|Town or city||Kedleston, Derbyshire|
|Design and construction|
|Official name||Kedleston Hall|
|Designated||2 September 1952|
|Designated||4 August 1984|
The Curzon family, whose name originates in Notre-Dame-de-Courson in Normandy, have owned the estate at Kedleston since at least 1297 and have lived in a succession of manor houses near to or on the site of the present Kedleston Hall. The present house was commissioned by Sir Nathaniel Curzon (later 1st Baron Scarsdale) in 1759. The house was designed by the Palladian architects James Paine and Matthew Brettingham and was loosely based on an original plan by Andrea Palladio for the never-built Villa Mocenigo. At the time a relatively unknown architect, Robert Adam, was designing some garden temples to enhance the landscape of the park; Curzon was so impressed with his designs that Adam was quickly put in charge of the construction of the new mansion.
The design of the three-floored house is of three blocks linked by two segmentally curved corridors. The ground floor is rusticated, while the upper floors are of smooth-dressed stone. The central, largest block contains the state rooms and was intended for use only when there were important guests in the house. The East block was a self-contained country house in its own right, containing all the rooms for the family's private use, and the identical West block contained the kitchens and all other domestic rooms and staff accommodation. Plans for two more pavilions (as the two smaller blocks are known), of identical size and similar appearance, were not executed. These further wings were intended to contain, in the south-east a music room, and in the south-west a conservatory and chapel. Externally these latter pavilions would have differed from their northern counterparts by large glazed Serlian windows on the piano nobile of their southern facades. Here the blocks were to appear as of two floors only; a mezzanine was to have been disguised in the north of the music room block. The linking galleries here were also to contain larger windows, than on the north, and niches containing classical statuary.
If the great north front, approximately 107 metres in length, is Palladian in character, dominated by the massive, six-columned Corinthian portico, then the south front (illustrated right) is pure Robert Adam. It is divided into three distinct sets of bays; the central section is a four-columned, blind triumphal arch (based on the Arch of Constantine in Rome) containing one large, pedimented glass door reached from the rusticated ground floor by an external, curved double staircase. Above the door, at second-floor height, are stone garlands and medallions in relief. The four Corinthian columns are topped by classical statues. This whole centre section of the facade is crowned by a low dome visible only from a distance. Flanking the central section are two identical wings on three floors, each three windows wide, the windows of the first-floor piano nobile being the tallest. Adam's design for this facade contains huge "movement" and has a delicate almost fragile quality.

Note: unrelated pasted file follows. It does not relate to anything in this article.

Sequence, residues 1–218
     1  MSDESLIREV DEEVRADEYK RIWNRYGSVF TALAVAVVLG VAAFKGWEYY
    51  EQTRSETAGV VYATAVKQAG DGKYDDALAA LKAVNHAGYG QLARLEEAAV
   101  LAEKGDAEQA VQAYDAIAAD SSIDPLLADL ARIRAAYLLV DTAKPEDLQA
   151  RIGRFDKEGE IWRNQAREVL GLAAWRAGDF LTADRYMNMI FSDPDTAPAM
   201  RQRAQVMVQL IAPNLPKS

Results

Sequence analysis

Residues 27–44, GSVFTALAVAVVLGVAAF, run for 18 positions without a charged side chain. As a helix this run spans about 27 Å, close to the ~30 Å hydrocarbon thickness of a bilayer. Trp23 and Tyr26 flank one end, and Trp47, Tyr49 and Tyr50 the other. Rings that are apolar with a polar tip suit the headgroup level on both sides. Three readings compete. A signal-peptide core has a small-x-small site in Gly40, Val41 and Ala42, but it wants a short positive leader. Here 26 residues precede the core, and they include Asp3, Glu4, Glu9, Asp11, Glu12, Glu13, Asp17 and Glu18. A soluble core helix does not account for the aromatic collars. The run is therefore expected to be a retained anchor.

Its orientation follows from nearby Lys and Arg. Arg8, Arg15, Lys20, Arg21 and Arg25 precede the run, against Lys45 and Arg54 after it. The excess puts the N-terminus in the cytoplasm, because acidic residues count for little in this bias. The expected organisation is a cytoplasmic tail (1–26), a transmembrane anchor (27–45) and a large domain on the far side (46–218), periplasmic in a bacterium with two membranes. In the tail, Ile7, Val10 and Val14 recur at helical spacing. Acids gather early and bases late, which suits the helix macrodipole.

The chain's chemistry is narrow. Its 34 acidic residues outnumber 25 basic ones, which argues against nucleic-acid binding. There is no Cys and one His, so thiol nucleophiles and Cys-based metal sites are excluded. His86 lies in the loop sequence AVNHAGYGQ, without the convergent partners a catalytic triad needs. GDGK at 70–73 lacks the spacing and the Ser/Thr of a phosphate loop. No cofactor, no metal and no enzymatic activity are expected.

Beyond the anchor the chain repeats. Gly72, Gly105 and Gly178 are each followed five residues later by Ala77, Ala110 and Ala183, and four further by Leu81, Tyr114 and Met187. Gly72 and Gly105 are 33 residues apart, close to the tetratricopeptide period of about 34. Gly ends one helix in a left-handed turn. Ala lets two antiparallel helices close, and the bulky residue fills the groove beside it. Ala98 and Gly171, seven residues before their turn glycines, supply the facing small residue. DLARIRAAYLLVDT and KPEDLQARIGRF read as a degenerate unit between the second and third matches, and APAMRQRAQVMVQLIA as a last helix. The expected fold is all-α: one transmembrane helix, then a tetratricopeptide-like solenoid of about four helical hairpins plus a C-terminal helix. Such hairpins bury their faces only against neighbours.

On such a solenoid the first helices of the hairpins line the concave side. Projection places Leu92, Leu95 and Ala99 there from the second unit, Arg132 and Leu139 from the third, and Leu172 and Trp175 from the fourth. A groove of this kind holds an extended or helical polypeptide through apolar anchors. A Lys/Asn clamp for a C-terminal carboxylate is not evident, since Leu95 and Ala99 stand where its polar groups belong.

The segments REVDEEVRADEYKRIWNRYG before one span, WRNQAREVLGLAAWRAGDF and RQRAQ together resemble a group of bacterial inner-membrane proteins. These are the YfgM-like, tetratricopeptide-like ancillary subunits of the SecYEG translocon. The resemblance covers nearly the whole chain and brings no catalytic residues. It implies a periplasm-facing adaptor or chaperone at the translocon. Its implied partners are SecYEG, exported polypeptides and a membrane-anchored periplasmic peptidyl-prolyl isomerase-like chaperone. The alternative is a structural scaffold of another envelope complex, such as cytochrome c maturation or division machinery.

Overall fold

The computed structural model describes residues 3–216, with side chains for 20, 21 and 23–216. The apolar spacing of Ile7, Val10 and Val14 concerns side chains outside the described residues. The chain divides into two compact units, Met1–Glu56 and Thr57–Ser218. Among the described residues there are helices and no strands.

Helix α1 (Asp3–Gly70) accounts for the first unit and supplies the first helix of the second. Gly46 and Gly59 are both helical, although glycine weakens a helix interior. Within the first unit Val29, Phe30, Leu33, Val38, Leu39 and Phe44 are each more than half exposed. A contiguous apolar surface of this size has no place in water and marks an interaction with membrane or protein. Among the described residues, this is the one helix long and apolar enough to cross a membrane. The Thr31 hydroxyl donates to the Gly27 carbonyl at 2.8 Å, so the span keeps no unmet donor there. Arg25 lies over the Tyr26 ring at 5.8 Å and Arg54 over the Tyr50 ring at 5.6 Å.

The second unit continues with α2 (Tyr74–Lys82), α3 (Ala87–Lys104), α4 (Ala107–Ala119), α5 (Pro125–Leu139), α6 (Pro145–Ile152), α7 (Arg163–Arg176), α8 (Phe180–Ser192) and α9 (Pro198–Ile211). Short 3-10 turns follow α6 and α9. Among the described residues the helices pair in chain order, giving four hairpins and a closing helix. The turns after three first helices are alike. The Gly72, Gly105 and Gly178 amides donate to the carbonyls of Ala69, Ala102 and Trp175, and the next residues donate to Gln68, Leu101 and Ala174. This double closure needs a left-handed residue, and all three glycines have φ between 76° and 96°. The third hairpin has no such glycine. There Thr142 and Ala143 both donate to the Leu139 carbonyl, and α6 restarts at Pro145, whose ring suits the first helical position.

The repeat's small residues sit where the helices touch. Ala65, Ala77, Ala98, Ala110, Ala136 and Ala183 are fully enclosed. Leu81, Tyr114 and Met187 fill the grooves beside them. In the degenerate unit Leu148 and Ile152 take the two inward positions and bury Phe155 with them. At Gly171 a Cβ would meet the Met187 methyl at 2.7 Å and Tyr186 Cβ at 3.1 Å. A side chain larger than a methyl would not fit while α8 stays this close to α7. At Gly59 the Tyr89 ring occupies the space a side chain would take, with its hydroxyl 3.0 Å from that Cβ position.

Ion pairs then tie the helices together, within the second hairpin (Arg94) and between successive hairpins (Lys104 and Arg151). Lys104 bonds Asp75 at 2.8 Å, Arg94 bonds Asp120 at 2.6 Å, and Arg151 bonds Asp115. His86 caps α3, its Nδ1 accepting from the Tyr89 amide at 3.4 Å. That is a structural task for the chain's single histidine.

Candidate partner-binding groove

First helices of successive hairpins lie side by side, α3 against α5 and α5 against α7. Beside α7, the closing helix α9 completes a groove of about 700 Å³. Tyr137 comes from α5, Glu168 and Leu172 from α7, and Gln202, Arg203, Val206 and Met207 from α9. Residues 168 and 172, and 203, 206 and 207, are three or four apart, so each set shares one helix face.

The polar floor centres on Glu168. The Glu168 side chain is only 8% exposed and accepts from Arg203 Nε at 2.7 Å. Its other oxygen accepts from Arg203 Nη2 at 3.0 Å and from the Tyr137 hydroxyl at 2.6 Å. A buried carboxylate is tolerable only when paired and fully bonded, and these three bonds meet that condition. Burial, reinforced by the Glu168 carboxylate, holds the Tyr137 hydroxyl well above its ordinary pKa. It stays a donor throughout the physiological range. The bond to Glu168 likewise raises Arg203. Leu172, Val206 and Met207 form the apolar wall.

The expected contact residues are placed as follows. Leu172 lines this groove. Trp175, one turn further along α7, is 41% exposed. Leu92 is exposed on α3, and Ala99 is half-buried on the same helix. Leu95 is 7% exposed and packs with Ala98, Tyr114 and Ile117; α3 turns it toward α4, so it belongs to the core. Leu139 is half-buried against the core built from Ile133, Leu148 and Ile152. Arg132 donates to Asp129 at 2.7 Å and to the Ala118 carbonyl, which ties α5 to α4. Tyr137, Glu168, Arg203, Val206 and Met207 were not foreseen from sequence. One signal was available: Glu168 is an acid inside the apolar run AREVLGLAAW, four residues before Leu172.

The neoclassical interior of the house was designed by Adam to be no less impressive than the exterior. Entering the house through the great north portico on the piano nobile, one is confronted by the marble hall designed to suggest the open courtyard or atrium of a Roman villa. Twenty fluted alabaster columns with Corinthian capitals support the heavily decorated, high-coved cornice. Niches in the walls contain classical statuary; above the niches are grisaille panels. The floor is of inlaid Italian marble. Matthew Paine's original designs for this room intended for it to be lit by conventional windows at the northern end, but Adam, warming to the Roman theme, did away with the distracting windows and lit the whole from the roof through innovative glass skylights.
If the hall was the atrium of the villa, then the adjoining saloon was to be the vestibulum. The saloon, contained behind the triumphal arch of the south front, like the marble hall rises the full height of the house, 62 feet to the top of the dome, where it too is sky-lit through a glass oculus. Designed as a sculpture gallery, this circular room was completed in 1763. The decorative theme is based on the temples of the Roman Forum with more modern inventions: in the four massive, apse-like recesses are stoves disguised as pedestals for classical urns. The four sets of double doors giving entry to the room have heavy pediments supported by scagliola columns, and at second-floor height, grisaille panels depict classical themes.